My next stop is Hamra in West Beirut. During the Lebanese Civil War, Beirut was divided by a line of demarcation called the Green Line. It separated East Beirut, which is where Bourj Hammoud is located, from West Beirut. Such lines no longer exist, but their psychogeographical legacy does. Walking across, this dark part of the country’s history is inescapable. Hamra, before the 1990s, was the preeminent intellectual hub of the city. The hollowed vestiges of those former haunts remain, with new ones like the bookstore and library Barzakh sprouting up. Its selection of no-frills food venues is superb, too.
Starting at Al Sharif, my first choice is for a taste of some of the best fatteh (yogurt, chickpeas, pine nuts and tahini topping toasted flatbread) in the city. It’s traditionally eaten at breakfast, but for me it's a hearty lunchtime pick-me-up. I continue farther west along the main road toward the sea, to Hammandi. This is a butcher and a sandwich shop popular with the local crowd. The classic Beirut dish shish tawouk (marinated chicken shish kebab) is excellent here, but the sujuk (spicy dry cured sausage) sandwich is supreme. I remember the words I heard from Roy Hankach, a Lebanese sausage-maker. “It’s very difficult nowadays to find good sujuk sandwiches — Hammandi makes the best I’ve ever had.” His version strays from the traditional style, topped with a little mayonnaise, but I love the addition. The alteration makes it more reminiscent of my childhood favorites — Lebanon's relationship with its food, like my own, tends to be deeply nostalgic.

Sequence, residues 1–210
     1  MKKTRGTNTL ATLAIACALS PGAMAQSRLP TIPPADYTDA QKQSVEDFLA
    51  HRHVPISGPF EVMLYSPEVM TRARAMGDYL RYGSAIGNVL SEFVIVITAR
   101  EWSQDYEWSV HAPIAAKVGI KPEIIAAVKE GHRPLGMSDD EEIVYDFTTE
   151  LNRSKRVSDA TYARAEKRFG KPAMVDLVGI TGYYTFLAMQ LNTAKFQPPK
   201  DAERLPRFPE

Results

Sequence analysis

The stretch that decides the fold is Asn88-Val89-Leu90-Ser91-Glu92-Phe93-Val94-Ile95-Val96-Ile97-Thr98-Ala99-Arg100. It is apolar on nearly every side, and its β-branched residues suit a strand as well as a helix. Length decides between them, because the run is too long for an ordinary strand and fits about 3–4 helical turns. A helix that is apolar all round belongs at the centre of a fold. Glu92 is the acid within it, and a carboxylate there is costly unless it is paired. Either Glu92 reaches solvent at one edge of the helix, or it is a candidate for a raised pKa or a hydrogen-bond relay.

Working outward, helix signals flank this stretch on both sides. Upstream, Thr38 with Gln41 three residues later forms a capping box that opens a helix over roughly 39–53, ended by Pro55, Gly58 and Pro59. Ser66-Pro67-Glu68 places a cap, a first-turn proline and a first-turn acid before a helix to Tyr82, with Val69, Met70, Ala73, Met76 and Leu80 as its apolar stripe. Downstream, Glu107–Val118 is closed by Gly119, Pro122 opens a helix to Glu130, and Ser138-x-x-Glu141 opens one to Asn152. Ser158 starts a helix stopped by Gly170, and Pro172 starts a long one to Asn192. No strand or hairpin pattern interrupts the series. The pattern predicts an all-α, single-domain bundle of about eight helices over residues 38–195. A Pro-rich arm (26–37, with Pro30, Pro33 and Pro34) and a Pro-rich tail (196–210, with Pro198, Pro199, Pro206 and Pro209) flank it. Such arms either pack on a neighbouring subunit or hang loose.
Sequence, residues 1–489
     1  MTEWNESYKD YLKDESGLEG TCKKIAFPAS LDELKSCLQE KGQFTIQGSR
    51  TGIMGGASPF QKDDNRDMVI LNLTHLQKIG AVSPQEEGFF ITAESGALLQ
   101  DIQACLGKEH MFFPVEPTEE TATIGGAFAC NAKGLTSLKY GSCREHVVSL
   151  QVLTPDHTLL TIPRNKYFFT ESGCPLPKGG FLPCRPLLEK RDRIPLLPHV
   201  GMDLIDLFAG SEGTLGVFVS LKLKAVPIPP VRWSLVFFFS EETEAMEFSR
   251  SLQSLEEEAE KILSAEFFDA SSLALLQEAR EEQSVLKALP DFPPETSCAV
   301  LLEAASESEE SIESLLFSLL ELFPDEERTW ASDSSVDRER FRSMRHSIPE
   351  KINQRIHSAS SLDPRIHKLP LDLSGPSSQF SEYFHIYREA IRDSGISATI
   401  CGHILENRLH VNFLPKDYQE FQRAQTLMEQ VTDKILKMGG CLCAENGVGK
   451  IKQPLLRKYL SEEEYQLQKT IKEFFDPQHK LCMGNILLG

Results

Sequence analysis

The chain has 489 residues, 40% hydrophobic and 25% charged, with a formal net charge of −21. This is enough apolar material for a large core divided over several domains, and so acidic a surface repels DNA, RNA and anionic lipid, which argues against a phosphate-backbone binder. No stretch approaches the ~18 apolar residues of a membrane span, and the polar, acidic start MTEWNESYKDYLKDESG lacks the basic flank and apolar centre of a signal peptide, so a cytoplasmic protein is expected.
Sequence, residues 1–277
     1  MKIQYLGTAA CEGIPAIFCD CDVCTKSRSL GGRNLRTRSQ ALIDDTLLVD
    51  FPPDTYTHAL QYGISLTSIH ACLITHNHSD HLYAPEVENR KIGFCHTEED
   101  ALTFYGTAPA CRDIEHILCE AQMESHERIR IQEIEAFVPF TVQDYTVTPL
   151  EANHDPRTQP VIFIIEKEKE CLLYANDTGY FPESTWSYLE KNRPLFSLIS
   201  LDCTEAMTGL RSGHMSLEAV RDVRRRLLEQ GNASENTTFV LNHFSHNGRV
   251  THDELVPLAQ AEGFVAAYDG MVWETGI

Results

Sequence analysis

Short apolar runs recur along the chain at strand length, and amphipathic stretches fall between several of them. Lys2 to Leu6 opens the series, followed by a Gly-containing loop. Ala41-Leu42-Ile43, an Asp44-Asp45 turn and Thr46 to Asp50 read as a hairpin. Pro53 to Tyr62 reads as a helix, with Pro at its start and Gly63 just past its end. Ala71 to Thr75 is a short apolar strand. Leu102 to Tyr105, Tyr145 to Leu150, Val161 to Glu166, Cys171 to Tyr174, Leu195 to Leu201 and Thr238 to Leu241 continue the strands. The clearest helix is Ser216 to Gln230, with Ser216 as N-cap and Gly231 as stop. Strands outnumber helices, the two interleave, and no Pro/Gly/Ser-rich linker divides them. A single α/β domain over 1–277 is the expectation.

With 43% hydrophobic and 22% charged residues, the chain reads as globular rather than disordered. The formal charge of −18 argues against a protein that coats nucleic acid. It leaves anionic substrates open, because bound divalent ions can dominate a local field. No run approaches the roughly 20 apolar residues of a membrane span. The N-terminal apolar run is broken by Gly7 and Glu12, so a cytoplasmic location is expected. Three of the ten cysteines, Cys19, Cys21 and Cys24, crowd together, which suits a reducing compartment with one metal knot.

My next destination, the district of Mar Mikhael, is particularly charged with memories. What used to be a working-class, industrial neighborhood has, over the past decade, become one of the epicenters of Beirut’s nightlife. It’s also where I go to visit one of my favorite cocktail bars, tucked away on one of the unassuming side streets.
The bar is called Anise, a dimly lit enclave that leans on a Prohibition-era aesthetic. It’s easy on the eyes, and the staff’s knowledge and expertise is extensive. Beirut has long been known as one of the Middle East’s best nightlife destinations. Maybe it’s not a stiff competition in the largely sober region, but its local mixologists are still dedicated to keeping the mood up in the unpredictable city. Despite that, I decide to keep it simple with a classic cocktail. I keep it light — I’m dining at the inimitable Varouj after. Varouj is another Beirut institution — it deserves a whole tome of its own. With just five tables, this intimate, shoebox-sized restaurant has seen all classes of Lebanese society walk through its doors. I’m ordering a spread — marinated sheep testicles, the meat of several small birds, offal and more. It’s traditional Armenian fare, especially enjoyable paired with some manti (small dumplings) and muhammara (roasted red pepper dip). Each bite is a reminder of Beirut’s countless diasporic communities, and the food that developed in the mix.